Hard-working employees, law-abiding citizens, straight-A students. These labels have been plaguing the APIDA community since the end of World War II, when this community’s perceived universal prosperity was used to suppress other minority groups, especially Black Americans. The model minority concept delivers a disturbing message to minority groups in the U.S. as it attempts to convince other minorities to adopt characteristics commonly attributed to Asian Americans such as strong family values, emphasis on education, and respect for law and order. This message further implies that if other minority groups fail, their under-resourced situations result from not working hard enough or not following the rules, instead of from the perpetual discrimination that disproportionally disadvantages minority groups in American society.
The concept of the model minority is an instrument to minimize the role of racism and other social injustices that are behind many minority groups’ struggles. It is dangerous and detrimental for Asian Americans as well as other minorities. First of all, many of the stereotypes of Asian Americans are simply wrong. Secondly, this myth flagrantly ignores the Asian American community’s diversity. Thirdly, the model minority myth seeks to condition, if not threaten, Asian Americans to live in accordance with stereotypes while simultaneously fostering racism in the U.S.
Why is the ‘model minority’ a myth? The perception that Asian Americans enjoy universal success in terms of socioeconomic status is simply wrong. The Asian American community is a diverse group consisting of people from drastically different cultures and backgrounds. People often see the Asian American community consists of Chinese Americans, Japanese Americans, and Korean Americans, even though it also includes people with origins in the far east and the Indian subcontinent. With such different backgrounds, the Asian population came to the U.S. for different reasons: a better education, job opportunity or to avoid persecution, famine, and war. As a result, the Asian American community is far from being monolithic in socioeconomic status. For example, some groups such as the Bhutanese Americans have a much higher level of poverty than other Asian populations.
The model minority myth is detrimental to the Asian American community because it rejects individual differences among Asian Americans. Many stereotypes for Asian Americans such as being good at math, wanting to be a doctor or a lawyer, and being politically inactive, could place Asian individuals under fire of culturally insensitive comments. As a student from China, I’ve personally experienced some implicit stereotypes at play. For example, when I told others that I am a Pre-Law student, I would sense their slight satisfaction with this information as if they expect me to seek to become a lawyer in the future. One major stereotype brought by the model minority myth is Asian Americans’ perceived lack of interest in politics or social movements. I have participated in the Women’s March with many peers from the Asian American community, and during the recent Black Lives Matter movement, the APIDA community has shown enormous support through peaceful protests and advocacy on social media. By assertively imposing labels on Asian Americans, the model minority myth is oblivious to diversity in the Asian American population.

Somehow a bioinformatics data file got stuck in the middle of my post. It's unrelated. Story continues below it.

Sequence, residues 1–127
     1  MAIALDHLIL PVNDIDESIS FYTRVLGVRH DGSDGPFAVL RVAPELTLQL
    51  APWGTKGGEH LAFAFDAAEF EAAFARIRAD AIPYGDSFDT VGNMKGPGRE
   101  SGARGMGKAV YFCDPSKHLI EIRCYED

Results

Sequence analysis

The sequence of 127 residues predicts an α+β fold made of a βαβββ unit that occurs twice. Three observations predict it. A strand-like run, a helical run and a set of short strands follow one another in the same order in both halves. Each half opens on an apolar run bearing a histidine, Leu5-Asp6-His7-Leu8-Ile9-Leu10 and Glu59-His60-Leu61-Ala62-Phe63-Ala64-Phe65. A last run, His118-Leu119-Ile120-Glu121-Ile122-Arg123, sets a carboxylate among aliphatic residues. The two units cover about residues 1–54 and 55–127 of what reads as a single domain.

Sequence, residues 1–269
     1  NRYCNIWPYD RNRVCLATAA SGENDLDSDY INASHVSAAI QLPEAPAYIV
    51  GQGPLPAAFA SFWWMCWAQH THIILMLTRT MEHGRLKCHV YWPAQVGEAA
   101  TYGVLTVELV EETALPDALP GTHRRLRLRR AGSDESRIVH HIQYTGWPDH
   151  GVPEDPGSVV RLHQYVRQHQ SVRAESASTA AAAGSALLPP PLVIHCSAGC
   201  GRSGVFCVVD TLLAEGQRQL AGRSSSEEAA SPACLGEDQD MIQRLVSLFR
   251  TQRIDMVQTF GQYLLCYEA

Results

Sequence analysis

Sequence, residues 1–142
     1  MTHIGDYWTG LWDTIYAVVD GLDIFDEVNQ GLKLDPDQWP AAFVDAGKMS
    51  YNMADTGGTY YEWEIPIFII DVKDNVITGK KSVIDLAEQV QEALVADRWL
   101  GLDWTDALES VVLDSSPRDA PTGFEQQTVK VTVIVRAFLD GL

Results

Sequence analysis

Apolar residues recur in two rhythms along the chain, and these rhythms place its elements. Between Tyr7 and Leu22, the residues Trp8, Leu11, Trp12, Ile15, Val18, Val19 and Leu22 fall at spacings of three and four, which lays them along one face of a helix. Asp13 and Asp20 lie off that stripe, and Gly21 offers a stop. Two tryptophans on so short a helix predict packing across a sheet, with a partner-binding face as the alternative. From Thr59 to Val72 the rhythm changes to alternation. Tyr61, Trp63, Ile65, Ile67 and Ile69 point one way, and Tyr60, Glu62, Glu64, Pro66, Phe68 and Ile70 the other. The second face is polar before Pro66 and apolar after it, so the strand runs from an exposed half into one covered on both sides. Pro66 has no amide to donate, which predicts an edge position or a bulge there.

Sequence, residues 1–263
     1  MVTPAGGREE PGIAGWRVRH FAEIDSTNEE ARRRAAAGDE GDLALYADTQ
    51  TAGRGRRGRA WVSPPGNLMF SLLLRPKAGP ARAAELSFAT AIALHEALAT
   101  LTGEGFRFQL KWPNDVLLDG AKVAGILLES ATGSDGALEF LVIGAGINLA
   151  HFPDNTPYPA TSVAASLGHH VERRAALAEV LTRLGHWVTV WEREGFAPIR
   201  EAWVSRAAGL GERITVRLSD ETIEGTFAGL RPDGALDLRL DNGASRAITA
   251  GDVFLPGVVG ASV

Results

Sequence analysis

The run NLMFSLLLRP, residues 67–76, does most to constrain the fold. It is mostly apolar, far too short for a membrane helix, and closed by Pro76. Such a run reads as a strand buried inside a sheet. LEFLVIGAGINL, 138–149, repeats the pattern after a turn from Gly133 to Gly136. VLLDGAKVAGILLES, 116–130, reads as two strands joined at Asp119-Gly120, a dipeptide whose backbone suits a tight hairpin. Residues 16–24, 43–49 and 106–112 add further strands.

Far from being a recognition of Asian American’s achievements in socioeconomic status, the idea of the model minority is an instrument that entraps Asian Americans with a mirage: if they act in accordance and behave they will continue enjoying their prosperity; if they seek to eliminate the labels imposed by the model minority, they jeopardize current social status. In fact, Asian Americans received better jobs in part because they were treated better than some other minority groups. The model minority myth, therefore, is used to control Asian Americans and get them to act in certain ways and is further used to manipulate other minority groups.
The concept of the model minority also contributes to discrimination by dividing up minority groups and diverting attention away from racism. It places the Asian American community in a seemingly superior position to other minority groups when in fact these groups should unite in order to fight social injustice. The Asian American community should not be lured in by the model minority myth: if the ongoing racism in American society fails to be eliminated, minority groups will continue their struggles no matter how hard they have worked or what level of education they have attained.
Therefore, it is critical to recognize the danger of the Model Minority concept: in addition to being a myth, the model minority is an instrument that could divide and suppress minorities in American society, fostering hostility amongst people determined to fight for the same ca